The greatest aspect of Christian life is the transformation that is brought by the resurrection of Christ, as it symbolized the victory over sin, injustice, suffering and death. This story of transformation continues, as reflected through the lives of great women such as Ida Scudder, Mother Teresa, Clara Swain and many others both in history and through many who are living with us, the lives of whom are worth emulating. Amidst challenges in an imperfect world, we need to recognize that the risen Christ, even today, in the form of the Holy Spirit, guides and inspires us, not in isolation, but through each one of us. Only then can a wholesome transformation happen, within us, and through us to the people we relate to.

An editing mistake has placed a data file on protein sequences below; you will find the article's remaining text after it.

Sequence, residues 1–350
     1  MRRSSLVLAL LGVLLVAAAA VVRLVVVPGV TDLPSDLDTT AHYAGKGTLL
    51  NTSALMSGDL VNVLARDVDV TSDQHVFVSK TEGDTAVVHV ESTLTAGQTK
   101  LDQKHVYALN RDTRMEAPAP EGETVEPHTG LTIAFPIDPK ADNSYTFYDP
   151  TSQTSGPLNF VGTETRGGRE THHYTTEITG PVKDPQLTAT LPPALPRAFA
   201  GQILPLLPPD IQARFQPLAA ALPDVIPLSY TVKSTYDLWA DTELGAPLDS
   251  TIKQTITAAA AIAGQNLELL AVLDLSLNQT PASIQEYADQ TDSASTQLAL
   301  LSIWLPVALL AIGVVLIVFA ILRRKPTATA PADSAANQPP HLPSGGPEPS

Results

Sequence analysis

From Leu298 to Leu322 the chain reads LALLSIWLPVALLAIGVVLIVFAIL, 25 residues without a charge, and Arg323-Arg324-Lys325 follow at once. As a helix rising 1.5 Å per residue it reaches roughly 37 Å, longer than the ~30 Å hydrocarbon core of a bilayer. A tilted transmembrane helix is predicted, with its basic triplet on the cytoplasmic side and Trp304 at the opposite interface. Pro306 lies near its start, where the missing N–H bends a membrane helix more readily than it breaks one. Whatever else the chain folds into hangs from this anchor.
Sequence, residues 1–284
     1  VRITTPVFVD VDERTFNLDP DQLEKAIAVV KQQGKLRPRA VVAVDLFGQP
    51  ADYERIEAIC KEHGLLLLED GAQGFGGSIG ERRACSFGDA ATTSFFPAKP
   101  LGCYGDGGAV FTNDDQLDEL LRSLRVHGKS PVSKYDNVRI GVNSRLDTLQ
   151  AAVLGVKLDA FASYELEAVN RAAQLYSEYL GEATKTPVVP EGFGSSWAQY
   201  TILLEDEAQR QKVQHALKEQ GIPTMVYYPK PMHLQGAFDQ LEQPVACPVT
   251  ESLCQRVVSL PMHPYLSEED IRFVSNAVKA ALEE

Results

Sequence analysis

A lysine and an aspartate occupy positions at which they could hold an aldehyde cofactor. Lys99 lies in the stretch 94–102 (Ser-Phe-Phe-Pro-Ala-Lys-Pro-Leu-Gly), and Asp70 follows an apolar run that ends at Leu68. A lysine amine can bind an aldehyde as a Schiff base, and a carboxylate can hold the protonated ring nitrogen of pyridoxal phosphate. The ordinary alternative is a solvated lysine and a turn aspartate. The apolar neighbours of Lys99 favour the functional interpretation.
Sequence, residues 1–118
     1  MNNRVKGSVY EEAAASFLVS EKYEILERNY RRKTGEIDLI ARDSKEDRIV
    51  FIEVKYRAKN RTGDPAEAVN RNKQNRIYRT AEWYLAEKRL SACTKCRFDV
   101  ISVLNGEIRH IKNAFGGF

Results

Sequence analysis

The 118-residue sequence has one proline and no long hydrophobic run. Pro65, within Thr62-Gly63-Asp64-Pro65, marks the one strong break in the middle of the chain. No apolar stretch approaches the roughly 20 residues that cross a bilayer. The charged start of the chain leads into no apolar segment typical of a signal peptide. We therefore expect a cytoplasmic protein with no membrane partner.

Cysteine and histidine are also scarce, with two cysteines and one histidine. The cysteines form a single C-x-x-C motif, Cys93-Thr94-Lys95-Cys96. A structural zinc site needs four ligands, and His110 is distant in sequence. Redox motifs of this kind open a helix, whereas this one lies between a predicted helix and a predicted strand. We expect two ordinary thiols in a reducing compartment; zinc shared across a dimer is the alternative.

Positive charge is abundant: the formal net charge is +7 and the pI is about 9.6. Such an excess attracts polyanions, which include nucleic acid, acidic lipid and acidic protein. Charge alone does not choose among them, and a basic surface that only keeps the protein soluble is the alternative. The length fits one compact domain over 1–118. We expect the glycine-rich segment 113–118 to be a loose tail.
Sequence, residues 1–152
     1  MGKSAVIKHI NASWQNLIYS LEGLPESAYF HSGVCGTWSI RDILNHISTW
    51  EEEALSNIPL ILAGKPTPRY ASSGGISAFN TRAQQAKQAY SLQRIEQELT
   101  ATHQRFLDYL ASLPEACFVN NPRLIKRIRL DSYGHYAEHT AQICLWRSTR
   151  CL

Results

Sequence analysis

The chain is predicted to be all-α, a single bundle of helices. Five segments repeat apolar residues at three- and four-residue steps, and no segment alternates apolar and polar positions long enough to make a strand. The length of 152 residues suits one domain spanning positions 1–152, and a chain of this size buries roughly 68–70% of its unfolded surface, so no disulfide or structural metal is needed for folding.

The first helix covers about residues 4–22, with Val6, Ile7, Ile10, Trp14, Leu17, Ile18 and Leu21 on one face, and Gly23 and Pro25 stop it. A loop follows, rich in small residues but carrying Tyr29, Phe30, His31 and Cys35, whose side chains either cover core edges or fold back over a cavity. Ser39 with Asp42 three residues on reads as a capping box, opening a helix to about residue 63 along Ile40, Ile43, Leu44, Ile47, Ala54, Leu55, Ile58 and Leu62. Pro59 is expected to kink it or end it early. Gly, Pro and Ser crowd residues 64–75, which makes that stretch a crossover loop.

For further discussions
1. How relevant are women in the journey of transformation, in our context?
2. What are the barriers that hinder us from recognizing women as agents of transformation?
Day 4 - VIOLENCE AGAINST WOMEN: FACING CHALLENGES
Passage : John 8:1-10
Jesus stands by, and heals the woman accused of adultery. The first challenge Jesus faced in this incident is to prevent the men from throwing the first stone. Speaking up for women and girls in violence requires the shedding of fears we are gripped with. Only then we can be healers, who can respond to the call of being channels of God's grace to bring wholeness to humankind and creation. As we look at the woman in John 8: 1-10, desolate and isolated at the feet of Jesus, we are reminded of many women implicated or totally blamed for being promiscuous or immoral, while the other half involved enjoys immunity and is let off. It also exposes the widespread gender discrimination embedded in our society and culture, making women's lives insecure from the womb itself. Hence, the second challenge we face in the issue of violence against women is the redeeming of our stereotyped mind set, and to break free from a culture of silence and a culture of domination that prevents us from being just and compassionate.